Isabel Hickok
Isabel Hickok ● Filmmaker




Bloom, whose literal Chinese translation is "flower open," explores the story of Rose, an Asian-American woman who struggles to find self acceptance in spite of a societal white beauty standard that works against her.

Completed as a senior thesis film for the Columbus College of Art and Design.

Writer/Director: Isabel Hickok
Starring: Catherine Camp, Maddie Collins, Jocelyn Tanis, Jim Foreman
Director of photography: Josh Smukal
Grip: Joe Lewis
Sound recordist: Serenity Strull
Boom operator: Janelle Moorman
Photography by Gabrielle Shamon

Music provided by:
Izzi Oakes
Olli Suominen
Taka Tsukai


Director's statement

Bloom began as a wishlist for the movies I wanted to see growing up. It tells the story of a Chinese-American woman and how she struggles to find self acceptance in spite of a societal white beauty standard that works against her. The idea came from the fact that I had never seen such a film in my life—representation of East Asian-American women and their journey to self worth—and so I set out to make the film I needed to see when I was 9-years-old; when I was 13-years-old; when I was 17-years-old.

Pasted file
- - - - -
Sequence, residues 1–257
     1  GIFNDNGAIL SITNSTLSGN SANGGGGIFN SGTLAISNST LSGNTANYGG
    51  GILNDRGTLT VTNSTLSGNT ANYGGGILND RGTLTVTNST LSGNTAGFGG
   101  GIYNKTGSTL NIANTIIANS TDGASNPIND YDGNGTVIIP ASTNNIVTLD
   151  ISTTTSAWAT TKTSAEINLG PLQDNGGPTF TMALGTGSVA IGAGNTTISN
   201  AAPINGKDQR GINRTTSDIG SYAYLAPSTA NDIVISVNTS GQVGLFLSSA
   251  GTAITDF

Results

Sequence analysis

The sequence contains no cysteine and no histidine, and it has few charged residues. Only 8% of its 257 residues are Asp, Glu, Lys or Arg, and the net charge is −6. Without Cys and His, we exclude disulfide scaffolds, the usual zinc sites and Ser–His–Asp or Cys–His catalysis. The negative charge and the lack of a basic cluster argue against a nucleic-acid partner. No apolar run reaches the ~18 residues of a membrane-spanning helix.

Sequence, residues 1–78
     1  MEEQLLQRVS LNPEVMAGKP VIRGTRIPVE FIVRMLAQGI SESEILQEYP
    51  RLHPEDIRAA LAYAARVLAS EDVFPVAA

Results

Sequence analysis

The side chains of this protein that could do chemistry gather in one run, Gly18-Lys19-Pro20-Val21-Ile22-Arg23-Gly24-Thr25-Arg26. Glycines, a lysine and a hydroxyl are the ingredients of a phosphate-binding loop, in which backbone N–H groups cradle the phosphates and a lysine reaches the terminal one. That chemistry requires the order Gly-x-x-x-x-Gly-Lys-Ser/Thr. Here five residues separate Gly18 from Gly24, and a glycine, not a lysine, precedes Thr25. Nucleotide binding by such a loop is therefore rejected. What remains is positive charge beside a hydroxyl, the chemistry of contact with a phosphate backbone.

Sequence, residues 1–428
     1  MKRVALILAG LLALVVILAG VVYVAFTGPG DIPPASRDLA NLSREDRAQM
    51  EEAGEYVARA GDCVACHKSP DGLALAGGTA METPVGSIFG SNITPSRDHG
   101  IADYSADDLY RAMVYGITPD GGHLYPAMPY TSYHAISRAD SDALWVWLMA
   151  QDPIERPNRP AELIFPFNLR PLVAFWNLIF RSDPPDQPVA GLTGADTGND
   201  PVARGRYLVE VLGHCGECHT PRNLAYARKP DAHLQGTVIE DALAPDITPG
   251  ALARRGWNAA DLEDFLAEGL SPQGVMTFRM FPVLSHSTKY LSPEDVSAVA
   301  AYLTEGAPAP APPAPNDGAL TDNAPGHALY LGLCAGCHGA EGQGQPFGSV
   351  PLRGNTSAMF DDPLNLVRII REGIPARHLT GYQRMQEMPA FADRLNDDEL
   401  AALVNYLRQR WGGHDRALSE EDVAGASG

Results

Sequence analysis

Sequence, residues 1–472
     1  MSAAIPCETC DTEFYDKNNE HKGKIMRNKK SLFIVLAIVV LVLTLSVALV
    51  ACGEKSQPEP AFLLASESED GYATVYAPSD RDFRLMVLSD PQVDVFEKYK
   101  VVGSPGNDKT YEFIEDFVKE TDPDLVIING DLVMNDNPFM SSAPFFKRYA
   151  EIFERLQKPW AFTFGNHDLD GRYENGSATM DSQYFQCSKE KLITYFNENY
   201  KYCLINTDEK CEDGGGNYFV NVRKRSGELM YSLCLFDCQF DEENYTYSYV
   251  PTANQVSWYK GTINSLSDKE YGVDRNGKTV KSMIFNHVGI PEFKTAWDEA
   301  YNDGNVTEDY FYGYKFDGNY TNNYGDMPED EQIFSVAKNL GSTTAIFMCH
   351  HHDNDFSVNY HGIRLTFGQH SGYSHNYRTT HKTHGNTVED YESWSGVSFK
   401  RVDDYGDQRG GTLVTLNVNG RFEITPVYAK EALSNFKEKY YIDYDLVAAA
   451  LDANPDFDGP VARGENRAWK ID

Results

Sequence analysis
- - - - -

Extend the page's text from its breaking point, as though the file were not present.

It was never my intention to use Bloom as a soapbox. I want people to watch Bloom and understand the Asian-American experience just a little bit more. My goal was to ground this film through conventional narrative realism with a genuine, authentic vision—a film about Asian issues by an Asian person.

I am very aware that coming to self acceptance in the face of internalized racism is not some one-and-done deal. It was important for my film to focus on the journey of self acceptance for East Asian women of color, rather than the single catalyst of it. I illustrated this through my protagonist Rose being a proxy for myself via my Chinese name, and by giving my film the title of Bloom, whose literal Chinese translation is “flower open.” I created this film with the intent to create and represent an understanding of people like me for people that are not like me. However this film best serves as a homage to East Asian-American women facing the same challenges as me, and while it may bring others to understand more about our experiences, Bloom is ultimately for them.


Production stills